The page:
It’s no secret that the MCU is building to a two-part Avengers: Infinity War, to which this feels like a tie-in comic. It’s never allowed to be its own movie like the first Avengers (though, to be fair, that film was also essentially a stepping stone to the future, it just did it better). Despite all that, it manages to be something you’ll not dislike, just like not as much. And for what it does accomplish it deserves great credit. Some might think the introduction of so many new characters would be part of the problem, but many of them (VISION!) are redeeming factors in the equation. Not surprising that 7 years and 11 movies in, we should be craving some new blood. As contracts wind down for the actors, I really do hope we continue to see new characters cycled in to take their place instead of extending the original players’ time. Nothing more comic book than a rotating team or teams.
There’s also a surprisingly affecting dramatic moment during the climax that I wasn’t expecting to be so easily felt (I knew about it prior to going in). But my reaction and the gasps of some audience members goes to show how well Whedon does write and stage some of this material.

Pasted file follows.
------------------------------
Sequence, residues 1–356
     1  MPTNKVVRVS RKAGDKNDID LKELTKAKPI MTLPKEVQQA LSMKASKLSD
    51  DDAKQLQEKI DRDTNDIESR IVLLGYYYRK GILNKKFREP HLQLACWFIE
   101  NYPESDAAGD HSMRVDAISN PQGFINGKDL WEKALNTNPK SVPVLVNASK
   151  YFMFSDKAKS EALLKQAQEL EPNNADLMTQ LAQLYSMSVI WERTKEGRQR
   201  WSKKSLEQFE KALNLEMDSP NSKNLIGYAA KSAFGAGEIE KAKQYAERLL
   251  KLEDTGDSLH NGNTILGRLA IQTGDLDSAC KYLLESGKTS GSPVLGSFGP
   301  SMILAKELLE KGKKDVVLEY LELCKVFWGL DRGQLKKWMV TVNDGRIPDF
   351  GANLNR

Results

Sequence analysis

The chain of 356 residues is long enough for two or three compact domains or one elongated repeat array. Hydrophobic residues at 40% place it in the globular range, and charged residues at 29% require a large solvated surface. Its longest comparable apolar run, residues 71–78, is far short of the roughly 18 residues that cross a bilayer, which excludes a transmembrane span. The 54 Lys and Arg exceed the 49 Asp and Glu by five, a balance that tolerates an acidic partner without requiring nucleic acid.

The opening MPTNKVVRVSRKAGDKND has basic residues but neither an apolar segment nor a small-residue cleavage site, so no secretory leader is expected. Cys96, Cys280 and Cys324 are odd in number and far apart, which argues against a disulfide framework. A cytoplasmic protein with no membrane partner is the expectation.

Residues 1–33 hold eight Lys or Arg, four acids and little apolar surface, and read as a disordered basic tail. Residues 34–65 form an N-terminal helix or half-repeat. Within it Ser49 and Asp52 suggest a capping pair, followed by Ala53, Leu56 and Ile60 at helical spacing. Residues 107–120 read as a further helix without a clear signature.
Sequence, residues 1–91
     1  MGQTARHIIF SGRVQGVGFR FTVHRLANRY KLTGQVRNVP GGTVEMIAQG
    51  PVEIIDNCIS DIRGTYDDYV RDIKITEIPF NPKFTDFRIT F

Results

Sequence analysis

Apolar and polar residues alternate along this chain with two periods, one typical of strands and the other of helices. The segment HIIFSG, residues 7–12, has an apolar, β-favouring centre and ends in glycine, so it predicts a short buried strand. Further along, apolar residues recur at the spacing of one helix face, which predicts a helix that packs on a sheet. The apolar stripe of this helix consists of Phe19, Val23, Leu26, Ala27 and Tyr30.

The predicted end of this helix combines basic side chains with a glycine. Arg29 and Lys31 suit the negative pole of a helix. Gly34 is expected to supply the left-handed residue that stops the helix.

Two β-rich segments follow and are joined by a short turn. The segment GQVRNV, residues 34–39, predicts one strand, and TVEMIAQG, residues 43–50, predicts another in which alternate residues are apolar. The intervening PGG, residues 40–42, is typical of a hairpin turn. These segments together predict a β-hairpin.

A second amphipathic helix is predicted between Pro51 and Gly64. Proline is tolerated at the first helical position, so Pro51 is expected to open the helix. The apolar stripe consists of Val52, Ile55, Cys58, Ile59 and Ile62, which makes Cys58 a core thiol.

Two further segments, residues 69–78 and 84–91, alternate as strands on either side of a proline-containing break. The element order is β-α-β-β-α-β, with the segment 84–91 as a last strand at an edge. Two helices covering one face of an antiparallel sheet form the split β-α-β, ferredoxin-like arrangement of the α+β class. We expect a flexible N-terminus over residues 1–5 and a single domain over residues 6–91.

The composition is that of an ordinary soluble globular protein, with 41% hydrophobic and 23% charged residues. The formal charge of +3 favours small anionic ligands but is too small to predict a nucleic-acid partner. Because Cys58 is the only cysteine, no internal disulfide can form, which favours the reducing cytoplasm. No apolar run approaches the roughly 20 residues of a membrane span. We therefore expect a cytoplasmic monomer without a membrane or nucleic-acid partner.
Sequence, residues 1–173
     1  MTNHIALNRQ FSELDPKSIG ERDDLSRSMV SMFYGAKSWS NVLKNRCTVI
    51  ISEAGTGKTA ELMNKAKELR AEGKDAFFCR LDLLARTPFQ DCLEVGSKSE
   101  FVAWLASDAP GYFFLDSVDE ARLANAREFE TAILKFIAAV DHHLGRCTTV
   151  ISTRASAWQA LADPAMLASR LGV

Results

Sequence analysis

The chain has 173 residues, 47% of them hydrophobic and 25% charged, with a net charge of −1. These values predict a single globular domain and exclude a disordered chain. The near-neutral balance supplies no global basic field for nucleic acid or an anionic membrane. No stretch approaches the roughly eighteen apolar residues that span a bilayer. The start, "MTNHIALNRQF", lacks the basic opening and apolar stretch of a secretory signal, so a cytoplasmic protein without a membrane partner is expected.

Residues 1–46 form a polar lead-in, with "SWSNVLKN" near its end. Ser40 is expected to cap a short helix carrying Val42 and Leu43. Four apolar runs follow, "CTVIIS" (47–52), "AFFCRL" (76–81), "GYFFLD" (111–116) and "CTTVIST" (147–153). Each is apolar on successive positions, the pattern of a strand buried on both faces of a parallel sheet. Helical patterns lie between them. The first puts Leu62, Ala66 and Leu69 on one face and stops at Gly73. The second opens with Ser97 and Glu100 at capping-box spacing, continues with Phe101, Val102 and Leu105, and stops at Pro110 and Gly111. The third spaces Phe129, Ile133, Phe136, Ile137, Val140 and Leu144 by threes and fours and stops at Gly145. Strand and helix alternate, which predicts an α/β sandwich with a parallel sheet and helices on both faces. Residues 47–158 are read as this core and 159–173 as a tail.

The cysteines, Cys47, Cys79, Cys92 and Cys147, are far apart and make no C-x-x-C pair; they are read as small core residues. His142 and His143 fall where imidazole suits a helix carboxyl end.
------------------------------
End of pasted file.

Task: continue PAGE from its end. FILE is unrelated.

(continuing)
I suppose I should also give James Spader his quick due, playing an Ultron that is probably not going to be what every fanboy wants, but it is the kind of Ultron this movie needs. Yes, Tony “creates” him I guess (though I do wonder exactly if his creation was made possible by the scepter or if he was unleashed from it). He’s a child wrecked by the obsessions of the man who programmed him, also inheriting the snarky wit of the genius, billionaire, playboy, philanthropist.
ONE. LAST. NOTE. Dear Marvel, stop ending your movies with large hordes battling one another or mid-air battles. Every movie is becoming this and it is starting to wear thin. Hopefully that’s not a sign of what is becoming of the overall creativity, because that would be a shame.
I lied…one more thing.
Quickly…to the controversy-mobile! A lot has been made of Black Widow and her story in this movie. She has a revealing moment about her back story that people have criticized for various reasons (protestors/complainers really need a unified front when they bitch about stuff, otherwise it’s just throwing shit to see what sticks). Put aside the fact that Marvel still struggles to promote these movies with females on merchandise (like EVERY major company), and focus on the movie. Part of the problem is that people expected to get into the “red ledger” part of Widow’s back story mentioned in the first Avengers. Instead, Joss gave them something more intimate and quite honestly probably much more harmful to her as a character. In a movie where taking life is “part of the job,” we have a character lamenting with ANOTHER character how she can’t create it.